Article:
The following points highlight the eight major defects of the revealed preference theory. The defects are: 1. Neglects Indifference 2. Not Possible to Separate Substitution Effect 3. Excludes Giffen Paradox 4. Consumer does not choose only one Combination 5. Choice does not reveal Preference 6. Fails to derive Market Demand Curve 7. Not Valid for Game Theory 8. Fails in Risky or Uncertain Situations.

#### Defect # 1. Neglects Indifference:

It neglects “indifference” in the consumer behaviour altogether. It is, of course, true that the consumer does not reveal his indifference in a single-valued demand function in or on the budget line when he chooses a particular set of goods at point R on the budget line LM.

But it is possible that there are points like A and В on every side of a given point R, shown within the circle in Figure 8, towards which the consumer is indifferent. If this criticism by Armstrong is accepted, then Samuelson’s fundamental theorem breaks down.

Suppose the price of Arises. As a result, his new budget line is LS. Now give the consumer some extra money to enable him to buy the same combination R on the line PQ. In this new price-income situation, suppose he chooses point В below R towards which he is indifferent.

This is based on Armstrong’s assumption that the consumer is indifferent between points around the chosen point. But the choice of В on the PQ line means that the consumer buys more of X when its price has risen. This breaks down the Samuelson theorem because with the rise in the price of X, its demand has expanded instead of shrinking.

#### Defect # 2. Not Possible to Separate Substitution Effect:

Samuelson’s Fundamental Theorem is conditional and not universal. It is based on the postulate that positive income elasticities imply negative price elasticities. Since the price effect consists of the income and substitution effects, it is not possible to isolate the substitution effect from the income effect on the level of observation.

If the g income effect is not positive, price elasticity of demand is indeterminate. On the other hand, if the income elasticity of demand is positive, the substitution effect following a change in price cannot be established. Thus, the substitution effect cannot be distinguished from the income effect in the Samuelsonian Theorem.

#### Defect # 3. Excludes Giffen Paradox:

Samuelson’s revealed preference hypothesis excludes the study of the Giffen Paradox, for it considers only positive income elasticity of demand. Like the Marshallian Law of Demand, the Samuelsonian Theorem fails to distinguish between negative income effect of a Giffen good combined with a weak substitution effect and a negative income effect with a powerful substitution effect.

Samuelson’s Fundamental Theorem is, therefore, inferior to and less integrated than the Hicksian price effect which provides an all inclusive explanation of the income effect, the substitution effect and of Giffen’s Paradox.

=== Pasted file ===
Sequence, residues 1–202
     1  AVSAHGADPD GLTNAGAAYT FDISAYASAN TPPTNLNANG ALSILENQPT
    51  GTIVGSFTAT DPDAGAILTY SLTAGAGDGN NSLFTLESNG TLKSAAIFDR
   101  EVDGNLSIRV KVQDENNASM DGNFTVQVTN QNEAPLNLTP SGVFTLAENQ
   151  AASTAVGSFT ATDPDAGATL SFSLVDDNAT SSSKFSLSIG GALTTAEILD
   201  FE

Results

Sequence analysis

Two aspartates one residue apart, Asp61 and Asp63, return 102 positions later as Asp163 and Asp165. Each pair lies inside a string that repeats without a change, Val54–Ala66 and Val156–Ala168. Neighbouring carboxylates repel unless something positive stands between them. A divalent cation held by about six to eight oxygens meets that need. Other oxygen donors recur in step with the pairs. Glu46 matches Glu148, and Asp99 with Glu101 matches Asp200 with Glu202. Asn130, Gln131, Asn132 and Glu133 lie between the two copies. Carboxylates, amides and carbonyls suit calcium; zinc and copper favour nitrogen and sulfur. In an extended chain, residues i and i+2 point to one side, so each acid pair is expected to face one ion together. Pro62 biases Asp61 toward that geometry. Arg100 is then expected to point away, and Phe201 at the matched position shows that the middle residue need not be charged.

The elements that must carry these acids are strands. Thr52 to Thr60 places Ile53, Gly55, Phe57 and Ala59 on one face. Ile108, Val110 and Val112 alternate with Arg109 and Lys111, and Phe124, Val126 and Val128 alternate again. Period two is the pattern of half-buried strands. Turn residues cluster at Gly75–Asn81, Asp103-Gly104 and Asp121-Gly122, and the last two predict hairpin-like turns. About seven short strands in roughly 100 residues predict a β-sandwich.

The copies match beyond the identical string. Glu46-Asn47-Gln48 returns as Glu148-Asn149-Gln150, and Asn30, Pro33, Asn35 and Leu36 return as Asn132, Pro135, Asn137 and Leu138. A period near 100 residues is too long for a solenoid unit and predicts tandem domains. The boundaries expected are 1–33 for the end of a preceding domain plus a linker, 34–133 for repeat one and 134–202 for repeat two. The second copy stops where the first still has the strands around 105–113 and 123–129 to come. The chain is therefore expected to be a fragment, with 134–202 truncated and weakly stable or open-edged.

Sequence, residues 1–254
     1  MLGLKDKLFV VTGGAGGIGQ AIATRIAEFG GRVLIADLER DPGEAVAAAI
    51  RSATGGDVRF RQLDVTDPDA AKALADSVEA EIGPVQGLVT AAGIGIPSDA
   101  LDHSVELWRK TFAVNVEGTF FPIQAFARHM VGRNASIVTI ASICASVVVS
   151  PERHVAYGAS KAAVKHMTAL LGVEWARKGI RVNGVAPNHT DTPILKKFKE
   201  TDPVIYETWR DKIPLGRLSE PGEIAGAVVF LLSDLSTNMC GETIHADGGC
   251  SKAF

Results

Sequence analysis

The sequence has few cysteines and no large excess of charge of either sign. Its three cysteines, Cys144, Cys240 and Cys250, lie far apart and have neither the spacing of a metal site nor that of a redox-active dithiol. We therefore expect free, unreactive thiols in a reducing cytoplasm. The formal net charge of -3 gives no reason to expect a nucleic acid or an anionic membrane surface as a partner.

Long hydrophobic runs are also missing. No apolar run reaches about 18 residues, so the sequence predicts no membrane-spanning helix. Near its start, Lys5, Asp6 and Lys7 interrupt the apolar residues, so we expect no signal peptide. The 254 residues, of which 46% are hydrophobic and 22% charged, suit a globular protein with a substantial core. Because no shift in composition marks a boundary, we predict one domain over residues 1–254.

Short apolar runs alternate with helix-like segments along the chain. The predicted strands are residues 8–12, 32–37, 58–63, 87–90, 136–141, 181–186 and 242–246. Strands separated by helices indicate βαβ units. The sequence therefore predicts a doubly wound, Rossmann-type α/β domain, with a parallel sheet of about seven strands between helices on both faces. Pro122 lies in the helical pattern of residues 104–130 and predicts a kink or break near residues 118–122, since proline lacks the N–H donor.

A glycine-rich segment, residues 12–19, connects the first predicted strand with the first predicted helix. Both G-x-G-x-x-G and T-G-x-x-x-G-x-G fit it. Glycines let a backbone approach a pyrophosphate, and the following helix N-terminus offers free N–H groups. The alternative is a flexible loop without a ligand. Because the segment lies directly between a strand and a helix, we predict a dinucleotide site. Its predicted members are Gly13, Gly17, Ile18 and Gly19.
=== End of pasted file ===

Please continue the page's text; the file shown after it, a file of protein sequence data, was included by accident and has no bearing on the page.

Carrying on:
#### Defect # 4. Consumer does not Choose Only One Combination:

The assumption that the consumer chooses only one combination on a given price-income situation is incorrect. It implies that the consumer chooses something of everything of both the goods. But it is seldom that anybody purchases something of everything.

#### Defect # 5. Choice does not Reveal Preference:

The assumption that “choice reveals preference” has also been criticised. Choice always does not reveal preference. Choice requires rational consumer behaviour. Since a consumer does not act rationally at all times, his choice of a particular set of goods may not reveal his preference for that. Thus the theorem is not based on observed consumer behaviour in the market.

#### Defect # 6. Fails to Derive Market Demand Curve:

The revealed preference approach is applicable only to an individual consumer. Negatively inclined demand curves can be drawn for each consumer with the help of this approach by assuming ‘other things remaining the same.’ But this technique fails to help in drawing market demand schedules.

#### Defect # 7. Not Valid for Game Theory:

According to Tapas Majumdar, the revealed preferences hypothesis “is invalid for situations where the individual choosers are known to be capable of employing strategies of a game theory type.”

#### Defect # 8. Fails in Risky or Uncertain Situations:

The revealed preference theory fails to analysis consumer’s behaviour in choices involving risk or uncertainty. If there are three situations, A, B, and C, the consumer prefers A to В and С to A. Out of these, A is certain but chances of occurring В or С are 50-50. In such a situation, the consumer s preference for С over A cannot be said to be based on his observed market behaviour.

Conclusion:

It appears from the above discussion that the revealed preference approach is in no way an improvement over the indifference curve analysis. It is unable to isolate the substitution effect from the income effect, neglects Giffen’s Paradox and fails to study market demand analysis.